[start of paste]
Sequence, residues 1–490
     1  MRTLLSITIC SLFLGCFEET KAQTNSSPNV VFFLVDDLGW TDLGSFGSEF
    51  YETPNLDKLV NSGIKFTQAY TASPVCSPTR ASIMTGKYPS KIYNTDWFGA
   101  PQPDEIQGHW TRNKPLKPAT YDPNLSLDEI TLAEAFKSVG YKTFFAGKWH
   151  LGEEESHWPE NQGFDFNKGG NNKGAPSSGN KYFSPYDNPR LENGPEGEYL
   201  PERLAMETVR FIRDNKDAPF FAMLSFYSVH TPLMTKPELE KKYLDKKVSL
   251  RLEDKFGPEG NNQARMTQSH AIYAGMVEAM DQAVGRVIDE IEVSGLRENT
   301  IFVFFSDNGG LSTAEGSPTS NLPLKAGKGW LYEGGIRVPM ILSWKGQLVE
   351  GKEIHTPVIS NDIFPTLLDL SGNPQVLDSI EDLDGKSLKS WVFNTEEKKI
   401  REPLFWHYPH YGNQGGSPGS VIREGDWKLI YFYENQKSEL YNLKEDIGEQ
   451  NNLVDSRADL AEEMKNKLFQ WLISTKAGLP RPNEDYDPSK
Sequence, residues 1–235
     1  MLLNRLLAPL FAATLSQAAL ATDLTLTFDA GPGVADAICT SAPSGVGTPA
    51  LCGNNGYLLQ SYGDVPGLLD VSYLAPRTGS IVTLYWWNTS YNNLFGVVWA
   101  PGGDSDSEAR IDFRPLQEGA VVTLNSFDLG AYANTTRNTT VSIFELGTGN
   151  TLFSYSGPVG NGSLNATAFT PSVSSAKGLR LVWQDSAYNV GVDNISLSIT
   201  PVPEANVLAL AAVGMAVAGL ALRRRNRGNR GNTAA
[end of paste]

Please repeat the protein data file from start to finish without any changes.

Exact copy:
Sequence, residues 1–490
     1  MRTLLSITIC SLFLGCFEET KAQTNSSPNV VFFLVDDLGW TDLGSFGSEF
    51  YETPNLDKLV NSGIKFTQAY TASPVCSPTR ASIMTGKYPS KIYNTDWFGA
   101  PQPDEIQGHW TRNKPLKPAT YDPNLSLDEI TLAEAFKSVG YKTFFAGKWH
   151  LGEEESHWPE NQGFDFNKGG NNKGAPSSGN KYFSPYDNPR LENGPEGEYL
   201  PERLAMETVR FIRDNKDAPF FAMLSFYSVH TPLMTKPELE KKYLDKKVSL
   251  RLEDKFGPEG NNQARMTQSH AIYAGMVEAM DQAVGRVIDE IEVSGLRENT
   301  IFVFFSDNGG LSTAEGSPTS NLPLKAGKGW LYEGGIRVPM ILSWKGQLVE
   351  GKEIHTPVIS NDIFPTLLDL SGNPQVLDSI EDLDGKSLKS WVFNTEEKKI
   401  REPLFWHYPH YGNQGGSPGS VIREGDWKLI YFYENQKSEL YNLKEDIGEQ
   451  NNLVDSRADL AEEMKNKLFQ WLISTKAGLP RPNEDYDPSK
Sequence, residues 1–235
     1  MLLNRLLAPL FAATLSQAAL ATDLTLTFDA GPGVADAICT SAPSGVGTPA
    51  LCGNNGYLLQ SYGDVPGLLD VSYLAPRTGS IVTLYWWNTS YNNLFGVVWA
   101  PGGDSDSEAR IDFRPLQEGA VVTLNSFDLG AYANTTRNTT VSIFELGTGN
   151  TLFSYSGPVG NGSLNATAFT PSVSSAKGLR LVWQDSAYNV GVDNISLSIT
   201  PVPEANVLAL AAVGMAVAGL ALRRRNRGNR GNTAA